One of the biggest things preventing people from getting the help they need is the pervasiveness of the stigmas still surrounding mental health and addiction. These stigmas cause us to fear being judged and shunned, so we isolate ourselves and struggle with our challenges alone, in silence. What are some of these stigmas, and how can we start to look at them differently in order to be more inclusive and compassionate of those who are struggling?
One common misconception about those living with addictions and mental health issues is that we are weak, lazy, unmotivated people who are only in the positions we’re in because we’ve allowed them or brought them upon ourselves. Those who perpetuate this stigma often aren’t aware of all the various causes of our struggles – our traumatic experiences, genetic factors, family patterns, subconscious programming, etc. When we start to see these issues as manifestations of pain, we can develop more compassion for those who are struggling with them. We can try to see people the way we would see our loved ones if they were suffering. Most likely we would want to understand why and how they developed these issues, rather than judging or blaming them.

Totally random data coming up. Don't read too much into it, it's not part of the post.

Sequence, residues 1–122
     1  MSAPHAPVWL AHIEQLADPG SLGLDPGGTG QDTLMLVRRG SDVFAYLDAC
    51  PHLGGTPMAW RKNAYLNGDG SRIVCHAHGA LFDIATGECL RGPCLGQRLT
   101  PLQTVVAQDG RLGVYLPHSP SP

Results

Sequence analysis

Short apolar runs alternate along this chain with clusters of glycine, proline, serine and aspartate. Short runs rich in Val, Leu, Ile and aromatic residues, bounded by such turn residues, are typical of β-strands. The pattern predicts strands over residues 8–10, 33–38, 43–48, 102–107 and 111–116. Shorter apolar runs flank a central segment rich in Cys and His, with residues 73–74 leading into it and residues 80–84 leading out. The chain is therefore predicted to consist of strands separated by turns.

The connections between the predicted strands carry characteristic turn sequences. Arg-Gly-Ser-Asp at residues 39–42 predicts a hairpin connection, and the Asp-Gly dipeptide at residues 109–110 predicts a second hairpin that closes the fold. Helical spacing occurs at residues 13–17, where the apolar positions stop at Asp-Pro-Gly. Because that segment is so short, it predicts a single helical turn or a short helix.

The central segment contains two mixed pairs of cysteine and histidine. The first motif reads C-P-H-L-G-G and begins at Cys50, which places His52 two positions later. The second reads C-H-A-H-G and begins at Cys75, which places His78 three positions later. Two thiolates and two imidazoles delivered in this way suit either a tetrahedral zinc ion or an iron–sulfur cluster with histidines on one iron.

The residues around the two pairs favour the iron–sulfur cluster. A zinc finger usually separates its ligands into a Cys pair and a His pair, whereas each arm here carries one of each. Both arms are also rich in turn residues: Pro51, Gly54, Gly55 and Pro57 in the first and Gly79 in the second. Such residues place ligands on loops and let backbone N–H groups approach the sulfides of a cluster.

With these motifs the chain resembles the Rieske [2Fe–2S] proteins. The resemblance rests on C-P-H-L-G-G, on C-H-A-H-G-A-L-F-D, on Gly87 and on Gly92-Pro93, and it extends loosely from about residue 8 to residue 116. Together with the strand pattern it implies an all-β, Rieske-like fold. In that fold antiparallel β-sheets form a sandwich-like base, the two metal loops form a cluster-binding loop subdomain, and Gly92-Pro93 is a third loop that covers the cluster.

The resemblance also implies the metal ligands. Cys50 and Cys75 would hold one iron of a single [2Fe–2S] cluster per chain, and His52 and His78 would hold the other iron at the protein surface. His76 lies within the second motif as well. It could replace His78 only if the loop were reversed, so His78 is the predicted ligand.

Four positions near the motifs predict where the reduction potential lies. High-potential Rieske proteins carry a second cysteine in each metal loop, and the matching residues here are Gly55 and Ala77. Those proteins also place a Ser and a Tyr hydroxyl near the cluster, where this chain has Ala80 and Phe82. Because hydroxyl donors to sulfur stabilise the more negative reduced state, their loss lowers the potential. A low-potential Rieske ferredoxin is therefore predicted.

Another stigma surround addiction and mental health is the way we criminalize and shun people for the behaviors associated with their issues. Many of the crimes committed by people struggling with addictions and mental health issues are committed because of those issues. Rather than seeing the direct correlations and causality, we decide people are bad, criminal, unfit for society, deserving of punishment and of being separated from society and denied their basic freedoms. We’ve systemically removed our compassion and empathy entirely when we perpetuate this stigma, and we do those who are suffering a huge disservice by denying them the help and support they need.
Another debilitating stigma is the belief that addicts and those with mental health issues can’t recover well enough to contribute to their communities in meaningful, productive ways. Everyone has something to offer, something to teach, a unique gift with which to bless the world, a way to make the world a better, more beautiful place. When we see those with addiction and mental health challenges as lesser than “normal” people, we are denying them opportunities to become self-fulfilled, engaging, contributing members of their communities, and we are denying all of us the chance to learn and benefit from their talents and experiences.
Riverside is a safe space, free from judgment. Many of us are in recovery ourselves. Call (800) 871-5440.